2. Give three strengths and three weaknesses. Again, these should be related to some aspect of nursing and give examples. For instance, a strength could be that you learn new procedures quickly. Explain a new procedure that you never did before on a patient and how you were successful. Another strength could be multitasking and time management. You could explain that you worked fulltime while going to nursing school and you never missed a deadline, and you had perfect attendance. A third strength could be your knowledge of different cultures or that you speak a second language. Weaknesses are harder because you don't want to label a task as a weakness that is essential to the job. For instance, do not say that you are terrible at computers if the organizations use EHR. If you list a weakness, you should follow it with how you are learning to make it a strength. For example, one of my weaknesses is that I am a "workaholic", but I am learning how to create a proper work life balance by learning a new hobby with my spouse. Or I am impatient, but I am learning how to meditate and practice mindfulness. I also say that I am overly self-critical but that I am getting better at self-care and use medication so I will stop ruminating the same negative thoughts over and over. Every weakness has an opposite strength, but you have to be authentic when you list your weaknesses.

  3. There are many situational questions that employers are asking now. How did you or how would you handle a difficult patient encounter or an argument with a coworker? What would you do if you were taking care of a patient who had a diagnosis that you had never heard of? In the first scenario you will want to show that you dealt with the situation well and that you learned a lesson from it. In the second scenario the employer is looking to see that you have resources that you could use to research a new diagnosis. There are so many free resources that you can put in your phone.

There are so many other questions, and you can find more at Indeed.com. Practice with your classmates. And look at every interview as not only a potential job opportunity but also as a chance to practice your interview skills. As someone who did a lot of interviews let me tell you a secret. Within 2-5 minutes I knew whether I was going to hire the applicant. Sometimes it took me longer to decide, but usually no more than 10 minutes. It starts with the introduction. Even if you had 800 crises that morning pretend that you are the happiest person in the world. Having a happy attitude is infectious. And shake the interviewer's hand with a firm grip. Smile often. Ask questions that show you have done your research, and you are interested in the position even if this is not your first job choice.


Regarding research, it is so important that you do research on the company or organization. The most important task is to make sure the Job Experience matches your job experiences. What is the mission statement for the organization? What are their values? How long have they been in business? What comments do you find about the organization on Yelp or other social media sites? These questions can help you decide if you want to accept a position with the organization. And this information will help you appear knowledgeable about the job in your interview. It also gives you information in tweaking your resume to the position. I also look up the manger's name (if you know it) on LinkedIn first then on social media sites. You don't want to come across as a stalker but you do want to show that you spent time looking at the company and the person interviewing you.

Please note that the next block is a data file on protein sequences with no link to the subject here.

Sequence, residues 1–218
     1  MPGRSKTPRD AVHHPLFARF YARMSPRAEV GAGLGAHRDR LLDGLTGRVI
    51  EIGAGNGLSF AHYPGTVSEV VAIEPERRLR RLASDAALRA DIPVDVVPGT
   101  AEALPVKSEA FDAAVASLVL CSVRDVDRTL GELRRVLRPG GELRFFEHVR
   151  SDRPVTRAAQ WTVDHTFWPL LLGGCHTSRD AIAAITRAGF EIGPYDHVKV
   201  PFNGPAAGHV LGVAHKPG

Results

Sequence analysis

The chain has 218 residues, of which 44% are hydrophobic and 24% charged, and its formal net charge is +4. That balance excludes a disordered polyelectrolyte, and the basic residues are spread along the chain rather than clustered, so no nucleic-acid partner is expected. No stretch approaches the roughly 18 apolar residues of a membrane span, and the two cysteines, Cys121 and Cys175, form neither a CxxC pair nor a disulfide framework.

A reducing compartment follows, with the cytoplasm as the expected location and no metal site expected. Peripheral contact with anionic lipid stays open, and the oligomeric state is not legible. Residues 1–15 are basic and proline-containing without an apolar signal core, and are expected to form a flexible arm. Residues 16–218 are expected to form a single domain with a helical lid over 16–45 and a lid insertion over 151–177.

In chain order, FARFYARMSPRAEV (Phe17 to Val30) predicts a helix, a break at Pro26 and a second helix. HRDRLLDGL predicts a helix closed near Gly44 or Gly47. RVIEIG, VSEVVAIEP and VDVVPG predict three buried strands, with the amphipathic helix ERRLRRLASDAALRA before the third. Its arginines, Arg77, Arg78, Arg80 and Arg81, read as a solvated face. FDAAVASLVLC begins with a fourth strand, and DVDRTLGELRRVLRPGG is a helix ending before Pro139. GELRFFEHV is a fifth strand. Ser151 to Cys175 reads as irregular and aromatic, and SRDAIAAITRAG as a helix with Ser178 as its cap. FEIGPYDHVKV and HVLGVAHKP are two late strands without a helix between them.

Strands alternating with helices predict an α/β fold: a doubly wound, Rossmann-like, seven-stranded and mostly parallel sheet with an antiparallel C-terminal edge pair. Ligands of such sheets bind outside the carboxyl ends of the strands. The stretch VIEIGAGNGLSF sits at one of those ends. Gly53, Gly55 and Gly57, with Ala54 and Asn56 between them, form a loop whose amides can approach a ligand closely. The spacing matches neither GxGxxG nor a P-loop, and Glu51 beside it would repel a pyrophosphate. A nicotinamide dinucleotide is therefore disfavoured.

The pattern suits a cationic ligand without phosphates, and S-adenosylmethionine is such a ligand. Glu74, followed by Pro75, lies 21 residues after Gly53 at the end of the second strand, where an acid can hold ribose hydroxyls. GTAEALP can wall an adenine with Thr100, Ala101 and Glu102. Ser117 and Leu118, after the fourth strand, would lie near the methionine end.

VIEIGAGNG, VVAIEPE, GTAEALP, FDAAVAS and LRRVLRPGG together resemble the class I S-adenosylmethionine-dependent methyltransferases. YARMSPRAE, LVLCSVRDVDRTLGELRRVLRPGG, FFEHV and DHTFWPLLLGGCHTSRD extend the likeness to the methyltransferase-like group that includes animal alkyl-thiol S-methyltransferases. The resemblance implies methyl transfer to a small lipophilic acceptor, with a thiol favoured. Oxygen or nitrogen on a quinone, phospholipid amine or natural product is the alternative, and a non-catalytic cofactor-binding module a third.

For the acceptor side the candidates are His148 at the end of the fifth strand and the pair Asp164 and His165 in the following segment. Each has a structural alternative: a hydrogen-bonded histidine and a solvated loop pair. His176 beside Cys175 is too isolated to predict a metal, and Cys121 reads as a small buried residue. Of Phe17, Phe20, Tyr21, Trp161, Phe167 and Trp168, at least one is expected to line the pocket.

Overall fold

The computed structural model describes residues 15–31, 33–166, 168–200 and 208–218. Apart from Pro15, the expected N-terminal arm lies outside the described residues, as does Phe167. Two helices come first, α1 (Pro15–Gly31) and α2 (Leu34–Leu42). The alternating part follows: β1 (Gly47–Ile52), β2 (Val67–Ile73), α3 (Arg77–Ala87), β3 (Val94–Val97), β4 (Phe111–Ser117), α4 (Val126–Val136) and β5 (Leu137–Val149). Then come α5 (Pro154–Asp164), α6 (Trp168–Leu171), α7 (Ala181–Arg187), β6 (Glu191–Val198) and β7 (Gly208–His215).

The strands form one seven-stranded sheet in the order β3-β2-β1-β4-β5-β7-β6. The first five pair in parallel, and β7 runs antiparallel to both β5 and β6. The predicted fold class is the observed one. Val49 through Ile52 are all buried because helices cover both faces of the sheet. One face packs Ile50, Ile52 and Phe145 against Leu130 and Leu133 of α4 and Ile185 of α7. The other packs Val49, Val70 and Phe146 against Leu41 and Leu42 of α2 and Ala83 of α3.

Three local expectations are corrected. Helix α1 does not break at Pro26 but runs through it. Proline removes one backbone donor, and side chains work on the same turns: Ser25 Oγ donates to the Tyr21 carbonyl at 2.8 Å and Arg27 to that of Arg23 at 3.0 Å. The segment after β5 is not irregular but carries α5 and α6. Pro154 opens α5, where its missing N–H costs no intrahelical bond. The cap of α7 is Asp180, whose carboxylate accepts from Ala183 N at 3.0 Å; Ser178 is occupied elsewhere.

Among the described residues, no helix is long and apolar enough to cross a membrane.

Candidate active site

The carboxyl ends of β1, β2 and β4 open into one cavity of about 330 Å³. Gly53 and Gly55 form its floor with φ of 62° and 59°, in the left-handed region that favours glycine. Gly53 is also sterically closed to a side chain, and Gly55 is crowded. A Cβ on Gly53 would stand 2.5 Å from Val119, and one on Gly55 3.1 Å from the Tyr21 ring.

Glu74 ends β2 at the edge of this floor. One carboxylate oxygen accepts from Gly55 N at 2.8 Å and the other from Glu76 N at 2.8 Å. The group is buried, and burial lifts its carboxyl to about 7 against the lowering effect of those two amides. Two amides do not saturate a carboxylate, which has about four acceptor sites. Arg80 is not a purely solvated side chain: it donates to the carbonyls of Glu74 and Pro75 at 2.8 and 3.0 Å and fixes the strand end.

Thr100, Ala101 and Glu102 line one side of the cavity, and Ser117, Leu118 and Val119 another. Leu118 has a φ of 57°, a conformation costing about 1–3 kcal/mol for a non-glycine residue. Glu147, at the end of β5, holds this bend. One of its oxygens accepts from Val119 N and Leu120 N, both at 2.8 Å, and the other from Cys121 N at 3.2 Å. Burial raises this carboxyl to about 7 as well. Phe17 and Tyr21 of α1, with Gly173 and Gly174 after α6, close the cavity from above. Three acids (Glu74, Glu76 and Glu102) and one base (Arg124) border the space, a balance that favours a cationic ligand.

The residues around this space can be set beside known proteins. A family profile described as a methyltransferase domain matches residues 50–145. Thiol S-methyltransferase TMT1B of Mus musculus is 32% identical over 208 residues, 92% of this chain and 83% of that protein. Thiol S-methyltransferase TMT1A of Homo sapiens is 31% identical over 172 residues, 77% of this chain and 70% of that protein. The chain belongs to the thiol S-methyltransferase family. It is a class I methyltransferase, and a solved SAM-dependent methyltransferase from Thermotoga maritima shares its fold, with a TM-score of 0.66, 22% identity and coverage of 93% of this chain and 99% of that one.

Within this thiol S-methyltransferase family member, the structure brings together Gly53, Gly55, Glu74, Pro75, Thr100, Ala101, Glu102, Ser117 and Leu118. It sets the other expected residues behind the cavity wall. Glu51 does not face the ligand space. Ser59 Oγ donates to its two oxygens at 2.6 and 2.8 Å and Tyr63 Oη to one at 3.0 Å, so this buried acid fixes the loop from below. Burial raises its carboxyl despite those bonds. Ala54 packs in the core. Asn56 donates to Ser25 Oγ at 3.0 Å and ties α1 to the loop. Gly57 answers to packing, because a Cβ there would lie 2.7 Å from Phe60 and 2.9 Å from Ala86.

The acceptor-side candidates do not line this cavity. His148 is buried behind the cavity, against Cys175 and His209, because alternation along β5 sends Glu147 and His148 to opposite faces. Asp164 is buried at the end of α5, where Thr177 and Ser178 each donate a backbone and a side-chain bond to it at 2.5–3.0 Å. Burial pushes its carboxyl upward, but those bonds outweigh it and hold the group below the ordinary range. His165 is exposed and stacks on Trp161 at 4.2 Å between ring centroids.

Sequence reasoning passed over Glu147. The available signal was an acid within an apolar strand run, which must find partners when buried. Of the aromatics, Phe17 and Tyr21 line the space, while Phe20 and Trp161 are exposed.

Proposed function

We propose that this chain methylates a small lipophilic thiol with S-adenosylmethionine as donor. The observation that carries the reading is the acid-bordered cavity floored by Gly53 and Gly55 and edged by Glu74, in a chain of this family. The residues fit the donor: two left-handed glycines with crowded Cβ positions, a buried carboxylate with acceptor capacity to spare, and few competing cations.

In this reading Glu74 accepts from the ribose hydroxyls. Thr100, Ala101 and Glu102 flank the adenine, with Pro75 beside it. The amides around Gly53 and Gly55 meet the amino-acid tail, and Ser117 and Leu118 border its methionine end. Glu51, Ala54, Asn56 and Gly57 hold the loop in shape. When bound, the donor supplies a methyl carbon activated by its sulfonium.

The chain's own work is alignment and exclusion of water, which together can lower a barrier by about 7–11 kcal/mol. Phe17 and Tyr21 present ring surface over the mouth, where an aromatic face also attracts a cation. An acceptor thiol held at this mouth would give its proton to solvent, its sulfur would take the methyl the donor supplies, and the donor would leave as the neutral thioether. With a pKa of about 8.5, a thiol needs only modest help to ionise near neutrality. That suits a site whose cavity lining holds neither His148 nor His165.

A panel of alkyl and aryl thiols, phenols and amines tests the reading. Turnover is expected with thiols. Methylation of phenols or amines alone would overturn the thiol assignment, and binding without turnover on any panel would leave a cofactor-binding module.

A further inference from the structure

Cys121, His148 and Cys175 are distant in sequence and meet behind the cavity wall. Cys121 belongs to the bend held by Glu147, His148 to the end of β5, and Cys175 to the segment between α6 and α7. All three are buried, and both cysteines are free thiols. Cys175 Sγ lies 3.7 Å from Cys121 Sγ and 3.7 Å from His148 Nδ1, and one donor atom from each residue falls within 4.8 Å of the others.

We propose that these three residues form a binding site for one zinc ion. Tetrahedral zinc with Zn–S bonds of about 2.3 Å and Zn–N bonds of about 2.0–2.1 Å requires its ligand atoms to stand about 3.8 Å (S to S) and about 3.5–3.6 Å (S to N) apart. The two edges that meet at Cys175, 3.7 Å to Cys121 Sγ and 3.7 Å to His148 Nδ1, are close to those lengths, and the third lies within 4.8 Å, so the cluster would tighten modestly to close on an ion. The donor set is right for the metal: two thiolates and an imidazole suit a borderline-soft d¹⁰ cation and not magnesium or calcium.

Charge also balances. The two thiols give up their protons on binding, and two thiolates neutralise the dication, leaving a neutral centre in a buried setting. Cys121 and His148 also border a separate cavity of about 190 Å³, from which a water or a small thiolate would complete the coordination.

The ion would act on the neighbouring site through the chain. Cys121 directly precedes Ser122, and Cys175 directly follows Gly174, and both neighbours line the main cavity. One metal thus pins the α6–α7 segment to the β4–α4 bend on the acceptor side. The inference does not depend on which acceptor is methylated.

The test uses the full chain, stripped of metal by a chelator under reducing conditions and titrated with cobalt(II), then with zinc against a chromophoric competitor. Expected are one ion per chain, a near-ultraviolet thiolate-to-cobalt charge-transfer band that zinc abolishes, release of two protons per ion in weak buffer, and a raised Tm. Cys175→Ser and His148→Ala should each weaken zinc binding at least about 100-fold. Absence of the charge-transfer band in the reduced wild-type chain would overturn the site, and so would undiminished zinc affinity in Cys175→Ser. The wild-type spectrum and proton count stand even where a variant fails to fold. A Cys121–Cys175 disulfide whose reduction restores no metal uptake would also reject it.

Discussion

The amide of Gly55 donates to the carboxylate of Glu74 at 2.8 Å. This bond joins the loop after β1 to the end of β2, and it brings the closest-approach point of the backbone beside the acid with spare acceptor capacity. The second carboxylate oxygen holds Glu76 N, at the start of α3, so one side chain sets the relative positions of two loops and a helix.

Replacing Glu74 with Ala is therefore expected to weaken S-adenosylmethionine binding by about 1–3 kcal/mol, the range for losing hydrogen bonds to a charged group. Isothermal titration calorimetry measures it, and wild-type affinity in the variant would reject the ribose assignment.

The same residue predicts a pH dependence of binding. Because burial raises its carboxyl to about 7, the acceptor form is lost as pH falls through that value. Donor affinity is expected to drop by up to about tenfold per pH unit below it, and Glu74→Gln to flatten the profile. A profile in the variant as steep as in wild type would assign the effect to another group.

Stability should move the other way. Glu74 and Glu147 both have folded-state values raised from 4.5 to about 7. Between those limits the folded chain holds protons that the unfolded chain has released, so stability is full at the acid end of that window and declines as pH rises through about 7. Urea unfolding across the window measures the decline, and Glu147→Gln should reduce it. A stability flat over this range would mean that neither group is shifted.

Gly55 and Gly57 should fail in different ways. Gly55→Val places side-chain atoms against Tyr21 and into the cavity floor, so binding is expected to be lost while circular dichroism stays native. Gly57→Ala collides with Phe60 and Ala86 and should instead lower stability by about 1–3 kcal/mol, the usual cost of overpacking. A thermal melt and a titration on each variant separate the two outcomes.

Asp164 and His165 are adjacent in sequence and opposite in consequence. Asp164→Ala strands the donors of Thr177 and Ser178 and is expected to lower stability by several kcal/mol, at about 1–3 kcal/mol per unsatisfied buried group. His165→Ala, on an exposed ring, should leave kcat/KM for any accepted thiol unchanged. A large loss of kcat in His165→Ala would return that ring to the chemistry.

When the interview is coming to a close and you are asked if you have questions about the position or the company, always have a question ready. One I often asked was, "after hearing about me and my experience am I a good fit for this position?" Or you could ask about the next steps in the interview process. End with a thank you and a smile and a firm handshake.


And always send a thank you note by mail or email. This is another chance for you to compliment the interviewer and let them know that you would be a great asset to the team because of a, b, and c. And it reminds the employer of who you are and keeps your name in their mind. Go to the LinkedIn page to read about thank you notes: https://www.linkedin.com/advice/3/how-soon-should-you-send-thank-you-note-after-1e


Lastly, and most importantly, dress the part. Remember you are going to an interview, not the club! For women, breasts should be covered up. For men, chest hair should not be showing. Look professional so you can feel professional. If you are not sure about your outfit, ask the opinion of an older woman. As I said, my decision about the applicant is made in the first few minutes which includes the first impression you make with your clothes.


I am available to help you with your interview practice. Reach out by email at hello@letterstoanurse.com. Let me know how your interview went? I am rooting for you!



Hernandez, J. (2023, June 8). The Best Way to Position Yourself in a Saturated Job Market. LinkedIn. https://www.linkedin.com/pulse/best-way-position-yourself-saturated-job-market-jessica/


“How Soon Should You Send a Thank-You Note after an Interview?” Www.linkedin.com, 1 July 2023, www.linkedin.com/advice/3/how-soon-should-you-send-thank-you-note-after-1e. Accessed 14 Sept. 2023.